A Century of Mining in 20 years

Posted September 19, 2013

MMG graciously hosted several members of the media at its signature Century operation in the Gulf of Carpentaria this week.

General Manager of Queensland Operations Mark Adams addressed the media on site. Firstly, he said that the Dugald River deposit, located about 65kms north, north-west of Cloncurry could be mined, subject to the completion of a project review currently underway.

This is on top of an announcement yesterday that the EPC (Engineering, Procurement and Construction) contract with Forge Group Minerals and Resources had been terminated.

The notice from MMG Dugald River to the Stock Exchange of Hong Kong Limited by CEO and Executive Director Andrew Michelmore included:

“…

As previously disclosed by the Company, including in its Interim Results announcement dated 28 August 2013, complexities in the Dugald River project’s ore body have been identified, prompting a review of the planned mining method.

To focus resources on the mine method review and manage short-term capital expenditure, the Company has decided to suspend most earthworks at the project site. This includes ongoing engineering, procurement and construction of the processing facility for the Dugald River project.

….

The Board considers that the termination of the EPC Contract will not have any material adverse effect on the business and operations of the Group.

Additional surface work that has been suspended includes construction of the permanent accommodation camp and bulk earthworks.

Underground development of the Dugald River project now exceeds 10,000 metres and above surface work continues on the construction of access roads and the emergency airstrip. …” http://mmg.com/en/Investors-and-Media/News/2013/09/18/Discloseable-Transaction.aspx

 

The second commitment Mr Adams gave was to the continued association of the company to the gulf site. He was at pains to point out a couple of things; firstly that while the time frame for end of zinc operations out of the existing pit is around 2016, the closure was a 30 year process. They will not be switching off the lights and walking away.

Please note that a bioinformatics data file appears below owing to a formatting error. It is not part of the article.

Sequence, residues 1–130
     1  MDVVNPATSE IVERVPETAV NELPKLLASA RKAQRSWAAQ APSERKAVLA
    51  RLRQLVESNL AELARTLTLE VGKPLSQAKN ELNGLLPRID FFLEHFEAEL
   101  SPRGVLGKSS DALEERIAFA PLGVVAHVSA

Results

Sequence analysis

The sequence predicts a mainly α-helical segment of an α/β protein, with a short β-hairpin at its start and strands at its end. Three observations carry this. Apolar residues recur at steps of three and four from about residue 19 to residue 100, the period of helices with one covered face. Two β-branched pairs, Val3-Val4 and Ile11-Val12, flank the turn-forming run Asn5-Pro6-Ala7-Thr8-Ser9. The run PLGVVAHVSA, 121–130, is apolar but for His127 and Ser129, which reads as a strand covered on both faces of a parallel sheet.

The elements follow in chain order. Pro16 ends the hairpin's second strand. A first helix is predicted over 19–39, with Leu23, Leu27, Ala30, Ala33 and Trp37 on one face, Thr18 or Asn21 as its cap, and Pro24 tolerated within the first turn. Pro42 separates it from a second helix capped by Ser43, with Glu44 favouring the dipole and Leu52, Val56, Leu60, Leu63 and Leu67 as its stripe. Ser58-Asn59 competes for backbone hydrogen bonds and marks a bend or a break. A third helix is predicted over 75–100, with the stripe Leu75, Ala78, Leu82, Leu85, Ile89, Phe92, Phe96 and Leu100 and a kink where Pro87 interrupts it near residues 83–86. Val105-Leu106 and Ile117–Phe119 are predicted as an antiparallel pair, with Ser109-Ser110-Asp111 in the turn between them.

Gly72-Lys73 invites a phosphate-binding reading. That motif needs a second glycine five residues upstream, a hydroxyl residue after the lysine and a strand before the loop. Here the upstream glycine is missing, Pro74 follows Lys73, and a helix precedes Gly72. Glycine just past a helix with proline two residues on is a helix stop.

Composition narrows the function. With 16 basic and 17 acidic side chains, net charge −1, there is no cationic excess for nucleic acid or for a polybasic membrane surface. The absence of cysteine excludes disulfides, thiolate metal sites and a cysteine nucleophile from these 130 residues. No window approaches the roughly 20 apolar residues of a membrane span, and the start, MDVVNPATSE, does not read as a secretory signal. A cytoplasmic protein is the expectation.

Mr Adam’s second point regarding the Century site was that MMG was looking at ways of keep the process going.

Right now there is considerable grey matter being focused at putting out the black fines that are transported 304kms via pipeline in a slurry form for export out of Karumba. The development of the existing pit is in stages eight, nine and ten which is producing larger quantities of lower grade ore. The crushing and processing plant has been ramped up to around 1000 tonnes an hour to meet production goals.

In all, the infrastructure investment is worth more than $2b in today’s terms and it’s only half way through its expected life. The business wants more out of it.

To meet this, high-grade satellite deposits on the Century lease are being drilled and the viability of processing other minerals like phosphate is being investigated. The company is also about 70 percent of the way through transporting about 100,000 tonnes of Dugald River ore to Century for a metallurgical test.

So while the anticipated 20 year pit life ticks down, the history of the Century operation is far from being written.

This is a great remote Australia isolation-innovation-dedication story.

Look for updates on our website www.miningadvocate.com.au, photos of Century Mine under Between Shifts, and in a spread in the November edition of The Mining Advocate.

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